A Response to the IPCC Fifth Assessment
Stony Brook University professor and oceanographic scholar Lawrence Swanson’s January 26 Newsday op ed predicts a “troubling future for Long Island Sound.” As Swanson suggests, for the Long Island Sound, climate change giveth and climate change taketh away — climate change, which created the Sound, is now deteriorating the Sound. And, the pace of that deterioration is rapidly accelerating.
The recently published book, “Long Island Sound, Prospects for the Urban Sea,” from the U.S. Environmental Protection Agency’s Long Island Sound Study (LISS)), summarizes decades of research on the Sound. Swanson, one of the book’s editors, concludes
“considering the projected path of climate change, the future for the Sound and its coastal communities is troubling.”
The study, which began in 1985, shows that sea level in the Sound is rising at a rate greater than the global average — by a half-foot per century more than it was one hundred years ago, and this rise in sea level is anticipated to increase considerably over the next 50 years.
The impact on New York and Connecticut shorelines will be substantial, including
- more intermittent flooding and permanently flooding of low-lying areas,
- severe erosion of Long Island’s glacially formed bluffs,
- degradation of the North Shore harbors,
- continued disappearance of tidal marshes,
- shrinking fish-breeding and marine bird habitats, and
- saltwater intrusion into Long Island’s groundwater, which supplies much of Long Island’s drinking water.
As Swanson laments
“Drowned Meadow may again be an appropriate name for Port Jefferson, as it was from the late 1600s to the early 1800s.”
Swanson, and the book, conclude with a call for more research and action by leaders in the Sound’s coastal communities to prepare for and adapt to accelerated change.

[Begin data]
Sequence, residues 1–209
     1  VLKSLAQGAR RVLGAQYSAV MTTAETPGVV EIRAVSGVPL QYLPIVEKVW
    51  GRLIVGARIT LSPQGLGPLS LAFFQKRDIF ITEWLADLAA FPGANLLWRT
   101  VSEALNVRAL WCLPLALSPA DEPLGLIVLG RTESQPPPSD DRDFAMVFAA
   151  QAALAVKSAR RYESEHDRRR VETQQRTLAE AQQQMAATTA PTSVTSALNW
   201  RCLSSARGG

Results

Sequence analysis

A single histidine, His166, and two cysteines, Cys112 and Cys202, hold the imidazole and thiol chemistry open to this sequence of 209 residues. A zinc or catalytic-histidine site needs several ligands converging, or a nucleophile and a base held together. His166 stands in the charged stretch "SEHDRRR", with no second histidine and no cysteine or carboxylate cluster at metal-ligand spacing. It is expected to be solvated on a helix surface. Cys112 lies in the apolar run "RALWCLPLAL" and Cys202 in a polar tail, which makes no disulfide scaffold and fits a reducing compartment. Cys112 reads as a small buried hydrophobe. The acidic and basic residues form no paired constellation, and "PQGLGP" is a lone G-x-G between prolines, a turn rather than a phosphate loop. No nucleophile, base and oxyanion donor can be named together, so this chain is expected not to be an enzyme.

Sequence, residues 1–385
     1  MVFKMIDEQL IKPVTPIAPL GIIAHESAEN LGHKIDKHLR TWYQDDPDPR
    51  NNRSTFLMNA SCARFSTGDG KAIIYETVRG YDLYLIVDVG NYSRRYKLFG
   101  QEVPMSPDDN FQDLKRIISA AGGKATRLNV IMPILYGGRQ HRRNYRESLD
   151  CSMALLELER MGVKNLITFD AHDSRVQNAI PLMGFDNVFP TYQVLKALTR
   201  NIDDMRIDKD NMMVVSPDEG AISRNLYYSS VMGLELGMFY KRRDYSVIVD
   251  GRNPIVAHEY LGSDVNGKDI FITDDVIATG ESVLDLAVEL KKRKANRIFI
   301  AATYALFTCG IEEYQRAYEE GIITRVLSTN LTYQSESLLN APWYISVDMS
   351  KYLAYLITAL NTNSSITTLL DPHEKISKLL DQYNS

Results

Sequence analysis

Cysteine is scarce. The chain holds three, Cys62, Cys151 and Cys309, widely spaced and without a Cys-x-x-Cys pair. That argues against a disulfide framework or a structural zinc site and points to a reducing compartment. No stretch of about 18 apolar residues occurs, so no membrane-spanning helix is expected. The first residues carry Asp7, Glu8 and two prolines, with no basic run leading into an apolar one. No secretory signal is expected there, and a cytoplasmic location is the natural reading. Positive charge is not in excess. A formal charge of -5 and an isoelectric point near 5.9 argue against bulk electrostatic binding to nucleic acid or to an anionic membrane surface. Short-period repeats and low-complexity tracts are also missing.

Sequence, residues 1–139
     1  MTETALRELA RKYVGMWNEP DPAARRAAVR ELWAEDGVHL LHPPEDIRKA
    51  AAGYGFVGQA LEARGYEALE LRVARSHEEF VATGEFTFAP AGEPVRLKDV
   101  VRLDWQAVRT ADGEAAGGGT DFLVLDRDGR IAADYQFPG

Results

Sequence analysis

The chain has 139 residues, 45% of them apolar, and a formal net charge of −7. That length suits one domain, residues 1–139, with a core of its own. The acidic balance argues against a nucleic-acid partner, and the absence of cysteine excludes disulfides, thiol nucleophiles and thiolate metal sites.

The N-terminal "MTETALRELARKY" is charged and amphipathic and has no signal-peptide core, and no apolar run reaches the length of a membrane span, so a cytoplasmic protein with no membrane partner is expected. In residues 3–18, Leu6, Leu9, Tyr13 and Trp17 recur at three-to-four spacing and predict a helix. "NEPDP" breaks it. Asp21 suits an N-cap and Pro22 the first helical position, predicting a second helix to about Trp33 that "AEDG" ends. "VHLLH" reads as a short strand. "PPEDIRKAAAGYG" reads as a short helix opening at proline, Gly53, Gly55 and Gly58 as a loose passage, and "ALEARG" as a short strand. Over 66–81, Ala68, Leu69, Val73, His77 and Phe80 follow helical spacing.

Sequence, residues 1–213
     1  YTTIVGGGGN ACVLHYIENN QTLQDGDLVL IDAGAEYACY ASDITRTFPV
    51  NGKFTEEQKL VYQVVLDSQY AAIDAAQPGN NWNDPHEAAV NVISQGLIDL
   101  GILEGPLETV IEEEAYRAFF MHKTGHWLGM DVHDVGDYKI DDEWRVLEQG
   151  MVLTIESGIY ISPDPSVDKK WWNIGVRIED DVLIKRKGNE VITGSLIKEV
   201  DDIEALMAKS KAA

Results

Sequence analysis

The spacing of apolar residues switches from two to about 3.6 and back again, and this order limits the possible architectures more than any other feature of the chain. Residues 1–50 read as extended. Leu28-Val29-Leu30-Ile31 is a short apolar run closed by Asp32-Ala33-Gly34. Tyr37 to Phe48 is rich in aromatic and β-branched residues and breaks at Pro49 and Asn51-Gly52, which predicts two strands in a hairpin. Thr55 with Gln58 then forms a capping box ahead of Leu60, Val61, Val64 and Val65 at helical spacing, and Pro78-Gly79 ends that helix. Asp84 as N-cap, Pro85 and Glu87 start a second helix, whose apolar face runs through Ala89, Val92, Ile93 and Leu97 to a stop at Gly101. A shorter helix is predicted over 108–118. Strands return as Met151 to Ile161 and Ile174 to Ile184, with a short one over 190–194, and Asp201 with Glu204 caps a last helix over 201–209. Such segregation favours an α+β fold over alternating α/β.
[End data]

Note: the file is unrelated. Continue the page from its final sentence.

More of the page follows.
Sea level rise and other climate-related changes pose serious considerations for the core responsibilities of municipalities: land-use planning and development, infrastructure management, public health, and emergency planning. Local governments in particular have both a great opportunity and responsibility to help their communities mitigate and adapt to LISS’s ominous predictions. In her article Sustainability at the Edge: The Opportunity and Responsibility of Local Governments to Most Effectively Plan for Natural Disaster Mitigation, Touro Law Center Dean Patricia Salkin cites a 2001 national survey, concluding
“along with building codes, land use planning was ranked most effective as a tool to achieve hazards vulnerability reduction.”
Swanson urges local governments to
- create detailed maps and charts of coastal areas to improve predictions of flooding from storms,
- move homes and other structures back from the shoreline to allow for sea level rise and more extensive storm surges,
- where possible, allow for salt marsh migration,
- and develop and invest in new technologies to reduce stormwater runoff and sewage effluent from reaching the Sound.
The book’s editors include Swanson, Mark A. Tedesco, director of the EPA Long Island Sound Office in Stamford, Charles Yarish, a professor at the University of Connecticut, Paul E. Stacey, a researcher at the Great Bay National Estuarine Research Reserve, and Corey Garza, a professor at California State University. The book is available in hardcover or e-book (either in its entirety or by individual chapter) here.
LISS is a cooperative effort between the EPA and the states of Connecticut and New York to restore and protect the Sound. To learn more about LISS, click here.
For more information on rising sea levels, see this article on the Intergovernmental Panel on Climate Change’s (IPCC) newly released Fifth Assessment Report (AR5) which projects greater increases than earlier forecast, but recognizes continuing uncertainties.